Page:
The Art of Storytelling

Waking up one morning I felt the brush of cold wind from my fan. I could hear my abuela’s gentle voice from the living room and smell the coffee she just brewed while I stretched. I got up to begin my morning routine and pause a moment. I see pictures of my dad smiling and being goofy from a day that feels like ages ago. I turn my eyes to a new part of the room where I see pictures of my abuelo and little sister who are also no longer in the physical world with us. I take mental note of how things have transformed. In this moment I become mindful of my breaths and hold myself a little tighter. I think about the joys and the pains, the laughs and the cries and yet I smile again. The story of my life has taught me many things: among them the importance of mindful breathing, intentional healing, and the necessity to grow from circumstance I thought would end me.

This photo with my dad is the first thing I see when I wake up in the mornings. Photo/Jesmel MorenoI want to take a moment and honor everyone who taps into this read, welcome you to this space and thank you for your time. Storytelling is an art where the ‘main character’ (whoever is reflecting, remembering, or proposing) is using a platform to tell their truths and the evolution of their transformation. Stories are flexible and intended to be dynamic to serve the needs of whoever is telling the story. Whether it is a stark memory from childhood that influenced the main character to become (in)securely attached to a parent/guardian, fond memories of specific foods or scents, or even the occasional moment of introducing oneself and engaging with who we are and how we present -- every moment has its story and deserves to be heard.

As we spend time navigating the art of telling stories and how social change has the potential of being a result of said narratives, I encourage you to think about your preferred ways of communicating and how you enjoy receiving the arts. Even if this is your first time ever considering stories in such a way, let’s take the next few moments together and explore some stories you may be aware of. Have you ever read the children’s book “The Very Hungry Caterpillar” by Eric Carle? This book artistically lays out the timeline of a caterpillar’s life and growth process as they become a butterfly. Though you may not have any significant connection with it, think about a book you do have a connection with and question its lesson. 

The hidden story or ‘message’ within the story is Carle’s way of highlighting the beauty of being able to grow and become something bigger than your original sights could imagine. This story is one of many which can be found all around us in books, articles, and blogs (like this one) that tell stories with purpose even if we do not realize it. Can you think about something you have read recently and think further into what the story meant to you as a reader in this moment?

Stories come in many varieties and from all walks of life. As you continue thinking about the different stories you have read and interact in your life to this point, I encourage you to tap into your other senses. Think about some art pieces you may have gazed upon for some time in a museum. Consider the power behind noises like waterfalls in the middle of forests, the sounds of pans making a meal, and especially the sound of your heart.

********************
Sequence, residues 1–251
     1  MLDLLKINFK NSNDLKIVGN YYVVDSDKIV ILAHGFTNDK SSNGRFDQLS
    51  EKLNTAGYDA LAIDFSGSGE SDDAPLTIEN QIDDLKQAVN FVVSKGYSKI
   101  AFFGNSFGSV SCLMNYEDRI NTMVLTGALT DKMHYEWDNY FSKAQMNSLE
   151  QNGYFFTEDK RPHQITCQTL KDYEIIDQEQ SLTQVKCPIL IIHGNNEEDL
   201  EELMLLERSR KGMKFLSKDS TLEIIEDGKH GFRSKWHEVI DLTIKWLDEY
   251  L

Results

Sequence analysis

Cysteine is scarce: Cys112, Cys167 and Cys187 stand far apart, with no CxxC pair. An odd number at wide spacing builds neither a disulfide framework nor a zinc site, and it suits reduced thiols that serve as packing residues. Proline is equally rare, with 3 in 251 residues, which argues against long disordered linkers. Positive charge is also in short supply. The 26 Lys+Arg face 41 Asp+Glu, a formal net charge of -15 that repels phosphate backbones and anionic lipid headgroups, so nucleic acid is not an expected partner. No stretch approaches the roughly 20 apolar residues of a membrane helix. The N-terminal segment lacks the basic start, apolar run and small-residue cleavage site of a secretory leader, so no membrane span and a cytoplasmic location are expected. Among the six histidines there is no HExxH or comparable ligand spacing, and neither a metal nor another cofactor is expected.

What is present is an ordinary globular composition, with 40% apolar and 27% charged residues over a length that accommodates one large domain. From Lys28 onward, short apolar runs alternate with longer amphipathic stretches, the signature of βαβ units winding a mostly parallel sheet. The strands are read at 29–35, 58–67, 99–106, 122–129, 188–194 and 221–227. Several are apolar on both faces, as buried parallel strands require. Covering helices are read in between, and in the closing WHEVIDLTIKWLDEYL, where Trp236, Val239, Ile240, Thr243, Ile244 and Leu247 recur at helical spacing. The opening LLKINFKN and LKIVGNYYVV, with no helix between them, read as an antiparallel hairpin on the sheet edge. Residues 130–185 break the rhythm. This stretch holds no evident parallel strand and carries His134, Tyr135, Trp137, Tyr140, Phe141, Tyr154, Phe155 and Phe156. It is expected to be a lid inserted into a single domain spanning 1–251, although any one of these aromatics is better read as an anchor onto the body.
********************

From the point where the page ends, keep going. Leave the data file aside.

Pause for a moment. Deep breath. 

With a fern leaf in the foreground, the sun awakens above mountains on a brisk morning in Minais Gerais, Brazil on June 2, 2019. Photo/ Jesmel Moreno

The sun awakens above mountains on a brisk morning in Minais Gerais,
Brazil on June 2, 2019. Photo/ Jesmel Moreno

Think now about previous movements in history and today marking significant strides toward a more socially just world. What stories do each of these movements bring up for you? Consider movements like Animal Rights, LGBTQIA+ Rights, Civil Rights, and so many others that tell the stories of a plethora of folks who deserve to be listened to, acknowledged wholly, and given the rights of the greater majority. These movements all accept the challenge I pose to you reading this -- honor who you are, where you are, why you are, and how you will continue fighting for the change that seeks to tell authentic truths.

  • Know it is within you already. 
  • Know your story is unique in its own way. 
  • Know you are deserving of a platform to be listened to and supported. 
  • Know you are needed in this world.
  • Know you still have much to learn, and yet much to love about where you are presently. 
  • Know your story is not over. 

You do not have to be an acclaimed artist or curator to be in a position that determines whose story is told and in what way. Remember the emotional, physical, and spiritual weight of the world is extremely heavy, and you should always act in ways that prioritize the way you define your wellness. Continue holding your resources, self, and communities accountable. Hone in on your truths and celebrate each accomplishment as if you had fought your entire life for that moment, because you have.


—Jesmel Moreno, 2020 ACC Leadership Symposium delegate

P.S. If we have not had the privilege of meeting each other yet, it is with great pleasure I introduce myself: my name is Jesmel and I use she/her pronouns. I am a first generation Latina student at our institution studying sociology and psychology. Everyday I set out to write a new story and this one, today, begins with you. I would love to chat with you more so feel free to leave comments at this link and let’s continue to connect. If you are feeling extra considerate with yourself, feel free to also share one of your personal stories. I look forward to crossing paths with you soon!